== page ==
Buzz: Interview with Jean Louis Camo

Buzz: Interview with Jean Louis Camo
To visit Monte Carlo and not hit the Hotel de Paris’ American bar, named in honour of USA’S President, General Grant, is impossible. Head barman Jean Louis Camo first worked the bar when he was 12 years old and, apart from a stint at The Howard Hotel London, has been there ever since. Camo thought he would lose his job when Frank Sinatra, who always insisted on sitting at the same table, ordered him to turn out the casino lights; they were shining in his eyes. “We finally reached a compromise and closed the curtains”, recalls Camo. The name Jean-Louis Camo features on A-list Palm V’s worldwide.  Regulars know they must call ahead to get Sinatra’s table (No. 35). Seated there, “le tout Monte Carlo” knows you arrived at Nice International Airport in the NetJet, the Lamborghini’s parked outside, and of course, you have a table booked on the terrace of Ducasse’s Louis XV restaurant.    How would you describe your crowd?Captains of Industry, Hollywood, the jet-set, young start-ups and a delightful English clientele who return frequently. Since 11th September the American clientele has been very absent. But I’m sure they’ll be back soon. There are so many events in Monte Carlo — the Grand Prix, the Music Awards, the Red Cross Ball, the Tennis Open — that it’s traditional to meet in the American Bar for, say, the “Monte Carlo breakfast” (Fernet Branca), aperitifs or nightcaps, before going on.  What’s your most popular drink now?Fresh Ferrara peach Champagne Bellinis.  My new cocktail is called Volcano, inspired by my recent holiday on the Ile de Reunion. It’s rum based with fresh fruit, egg white and topped with chocolate.  What drinks will be big this season?Frozen cocktails with a rum base, fresh fruits and lemon juice swirled in the blender. Tastes like a liquid sorbet. The Morito is mint based with lemon juice, Perrier and a touch of rum. And of course, Pimm’s with champagne. We serve these with tiny Monaco ravioli, grilled almonds and, after dinner, mini-pastries prepared by the chef patissier.  Which celebrities have been over in the past two weeks?Prince Albert, David Coulthard plus Clan Coulthard –they really know how to party. Also Elton John, Rod Stewart, Melanie Griffith and Antonio Banderas, Mick Hucknell, Tasha de Vasconsuelos. What’s the worst chat-up line you’ve ever heard anyone use at the bar?He’s a regular, an Italian Count, he’s undressed the woman mentally before offering the drink that makes their day.  El Calvador, a passionfruit, peach liqueur and calvados cocktail. Mind you it works every time for this guy. What do you say when it’s time for someone to leave?Usually I suggest calling a taxi. The rowdiest times are during the Grand Prix season, the excitement level becomes unreal, and I don’t mean just from the circuit. Once I poured a gentleman into a taxi and he was back ten minutes later having realised he was staying at The Hotel de Paris. What’s the best cocktail you’ve ever drunk, and where?In London, at The Halcyon. The barman makes a wicked Bloody Mary. I’ve tried unsuccessfully to duplicate it, I think it’s something to do with the way he shakes it! If you could choose any bar, real or fictional, where would you most liked to have worked?In America. I would love to work at Ian Schrager’s Hudson Hotel, NYC.  Recipe: Rose des Vents40 cl Fresh Orange Juice40 cl Fresh Peach Juice40 cl Strawberry Liqueur10 cl Crème de Banane Marie-Brizard30 cl Rum – slice of fresh peach to garnishWe put all the ingredients in a shaker and voila we’re Tom Cruise in Cocktail. Hotel de Paris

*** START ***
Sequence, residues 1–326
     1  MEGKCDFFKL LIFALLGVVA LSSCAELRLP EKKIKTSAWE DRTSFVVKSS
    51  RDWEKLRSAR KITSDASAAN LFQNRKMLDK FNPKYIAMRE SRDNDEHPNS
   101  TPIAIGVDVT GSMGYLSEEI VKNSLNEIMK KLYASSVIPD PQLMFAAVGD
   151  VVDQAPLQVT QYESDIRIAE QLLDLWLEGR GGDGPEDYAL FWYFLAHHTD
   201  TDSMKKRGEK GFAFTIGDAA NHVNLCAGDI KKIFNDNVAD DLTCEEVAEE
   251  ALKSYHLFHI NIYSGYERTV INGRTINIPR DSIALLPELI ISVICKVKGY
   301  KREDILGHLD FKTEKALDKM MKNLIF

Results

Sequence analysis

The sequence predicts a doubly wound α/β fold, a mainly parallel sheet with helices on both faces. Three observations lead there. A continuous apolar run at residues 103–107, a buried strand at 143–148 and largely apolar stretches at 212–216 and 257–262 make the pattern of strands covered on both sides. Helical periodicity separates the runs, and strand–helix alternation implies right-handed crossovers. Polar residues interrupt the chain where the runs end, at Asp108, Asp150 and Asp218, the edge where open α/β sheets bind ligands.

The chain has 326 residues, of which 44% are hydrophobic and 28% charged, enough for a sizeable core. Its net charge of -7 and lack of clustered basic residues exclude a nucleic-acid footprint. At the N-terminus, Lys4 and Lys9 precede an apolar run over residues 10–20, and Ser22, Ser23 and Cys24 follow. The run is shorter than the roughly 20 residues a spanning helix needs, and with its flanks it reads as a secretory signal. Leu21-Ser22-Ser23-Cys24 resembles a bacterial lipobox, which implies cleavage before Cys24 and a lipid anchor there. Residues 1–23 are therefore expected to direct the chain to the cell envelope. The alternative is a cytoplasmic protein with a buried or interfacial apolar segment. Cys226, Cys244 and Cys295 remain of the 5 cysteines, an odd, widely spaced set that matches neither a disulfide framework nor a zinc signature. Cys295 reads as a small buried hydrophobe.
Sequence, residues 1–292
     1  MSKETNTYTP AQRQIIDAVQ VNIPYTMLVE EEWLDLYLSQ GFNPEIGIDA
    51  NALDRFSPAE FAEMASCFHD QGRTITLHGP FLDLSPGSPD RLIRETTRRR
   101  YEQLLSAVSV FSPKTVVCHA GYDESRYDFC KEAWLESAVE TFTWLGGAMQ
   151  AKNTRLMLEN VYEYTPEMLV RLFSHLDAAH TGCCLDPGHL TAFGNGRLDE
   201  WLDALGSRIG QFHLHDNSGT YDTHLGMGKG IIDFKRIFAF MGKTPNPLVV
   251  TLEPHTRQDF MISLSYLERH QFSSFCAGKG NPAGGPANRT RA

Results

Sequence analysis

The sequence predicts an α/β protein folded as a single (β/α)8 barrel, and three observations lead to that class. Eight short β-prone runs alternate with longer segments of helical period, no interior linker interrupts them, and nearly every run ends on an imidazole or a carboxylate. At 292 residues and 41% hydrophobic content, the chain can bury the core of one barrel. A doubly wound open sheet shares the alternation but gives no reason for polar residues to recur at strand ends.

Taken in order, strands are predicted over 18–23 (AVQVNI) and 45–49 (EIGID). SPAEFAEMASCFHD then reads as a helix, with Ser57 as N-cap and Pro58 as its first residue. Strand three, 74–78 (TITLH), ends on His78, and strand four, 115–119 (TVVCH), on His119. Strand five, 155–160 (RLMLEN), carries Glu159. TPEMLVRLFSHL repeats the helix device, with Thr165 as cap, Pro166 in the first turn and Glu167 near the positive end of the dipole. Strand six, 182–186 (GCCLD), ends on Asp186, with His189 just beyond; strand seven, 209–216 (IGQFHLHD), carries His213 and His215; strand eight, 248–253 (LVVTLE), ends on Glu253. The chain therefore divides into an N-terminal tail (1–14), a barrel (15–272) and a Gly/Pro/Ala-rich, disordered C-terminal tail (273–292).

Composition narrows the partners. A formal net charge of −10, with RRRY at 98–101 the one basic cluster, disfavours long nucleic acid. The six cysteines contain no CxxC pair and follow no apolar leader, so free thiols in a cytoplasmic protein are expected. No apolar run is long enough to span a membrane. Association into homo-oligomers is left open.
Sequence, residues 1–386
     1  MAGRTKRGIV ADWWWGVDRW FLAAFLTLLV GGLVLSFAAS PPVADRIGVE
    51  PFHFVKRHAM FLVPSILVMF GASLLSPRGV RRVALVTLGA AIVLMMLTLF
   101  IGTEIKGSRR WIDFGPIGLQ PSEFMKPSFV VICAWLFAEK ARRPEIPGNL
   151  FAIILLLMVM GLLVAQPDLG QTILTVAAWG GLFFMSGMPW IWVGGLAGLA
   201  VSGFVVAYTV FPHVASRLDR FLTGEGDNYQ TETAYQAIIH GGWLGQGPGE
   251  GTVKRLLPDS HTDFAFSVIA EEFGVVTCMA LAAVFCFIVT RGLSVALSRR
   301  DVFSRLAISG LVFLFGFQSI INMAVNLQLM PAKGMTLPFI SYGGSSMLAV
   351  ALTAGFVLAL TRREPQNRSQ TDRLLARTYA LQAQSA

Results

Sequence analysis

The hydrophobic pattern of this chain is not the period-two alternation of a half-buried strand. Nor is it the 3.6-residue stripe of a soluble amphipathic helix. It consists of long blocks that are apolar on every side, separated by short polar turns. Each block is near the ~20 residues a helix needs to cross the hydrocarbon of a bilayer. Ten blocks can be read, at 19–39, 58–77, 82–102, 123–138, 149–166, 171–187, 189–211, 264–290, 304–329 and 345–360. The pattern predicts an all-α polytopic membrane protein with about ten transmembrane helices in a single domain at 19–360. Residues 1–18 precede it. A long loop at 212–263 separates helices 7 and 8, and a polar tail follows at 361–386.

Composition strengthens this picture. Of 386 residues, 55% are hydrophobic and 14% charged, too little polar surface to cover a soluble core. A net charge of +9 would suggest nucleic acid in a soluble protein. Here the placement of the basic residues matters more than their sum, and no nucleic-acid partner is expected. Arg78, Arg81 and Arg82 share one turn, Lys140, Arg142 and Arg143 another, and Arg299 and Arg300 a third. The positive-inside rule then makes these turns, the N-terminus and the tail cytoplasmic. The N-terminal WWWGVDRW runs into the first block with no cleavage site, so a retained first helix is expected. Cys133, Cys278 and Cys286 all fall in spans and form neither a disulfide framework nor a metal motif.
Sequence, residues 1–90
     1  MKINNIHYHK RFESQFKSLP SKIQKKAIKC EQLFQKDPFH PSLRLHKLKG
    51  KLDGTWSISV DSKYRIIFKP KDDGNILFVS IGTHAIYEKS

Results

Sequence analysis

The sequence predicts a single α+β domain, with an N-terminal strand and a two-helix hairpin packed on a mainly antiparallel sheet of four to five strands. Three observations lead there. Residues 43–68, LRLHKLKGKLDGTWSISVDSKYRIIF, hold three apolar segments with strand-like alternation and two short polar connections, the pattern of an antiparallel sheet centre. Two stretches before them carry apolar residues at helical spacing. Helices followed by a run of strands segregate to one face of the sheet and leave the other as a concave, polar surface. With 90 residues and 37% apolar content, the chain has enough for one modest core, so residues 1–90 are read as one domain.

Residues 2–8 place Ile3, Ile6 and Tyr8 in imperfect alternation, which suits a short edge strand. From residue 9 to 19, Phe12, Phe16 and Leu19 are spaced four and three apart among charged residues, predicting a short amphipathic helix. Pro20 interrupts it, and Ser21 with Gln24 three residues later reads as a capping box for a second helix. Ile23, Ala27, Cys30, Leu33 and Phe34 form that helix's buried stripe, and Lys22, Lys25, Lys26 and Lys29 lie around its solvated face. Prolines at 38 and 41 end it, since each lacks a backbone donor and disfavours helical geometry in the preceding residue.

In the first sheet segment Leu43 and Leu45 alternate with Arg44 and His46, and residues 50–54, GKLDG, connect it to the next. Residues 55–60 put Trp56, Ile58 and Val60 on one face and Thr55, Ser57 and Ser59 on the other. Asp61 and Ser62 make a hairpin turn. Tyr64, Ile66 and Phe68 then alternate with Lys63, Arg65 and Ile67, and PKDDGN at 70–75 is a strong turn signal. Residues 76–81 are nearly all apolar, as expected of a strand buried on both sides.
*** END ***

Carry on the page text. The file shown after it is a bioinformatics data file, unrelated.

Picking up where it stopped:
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Born in Hampton, Middlesex, UK, Margaret Kemp is a lifestyle journalist, based between London, Paris and the world. Intensive cookery courses at The Cordon Bleu, London, a wedding gift from a very astute ex-husband, gave her the base that would take her travelling (leaving the astute one behind) in search of rare food and wine experiences, such as the vineyards of Thailand, 'gator hunting in South Florida, learning to make eye-watering spicy food in Kerala;pasta making in a tiny Tuscany trattoria. She has contributed to The Guardian, The Financial Times Weekend and FT. How To Spend, The Spectator, Condé Nast Traveller, Food & Travel, and Luxos Magazine. She also advises as consultant to luxury hotels and restaurants. Over the years, Kemp has amassed a faithful following on BonjourParis. If she were a dish she'd be Alain Passard's Millefeuille “Caprice d'Enfant”, as a painting: Manet’s Dejeuner sur l’herbe !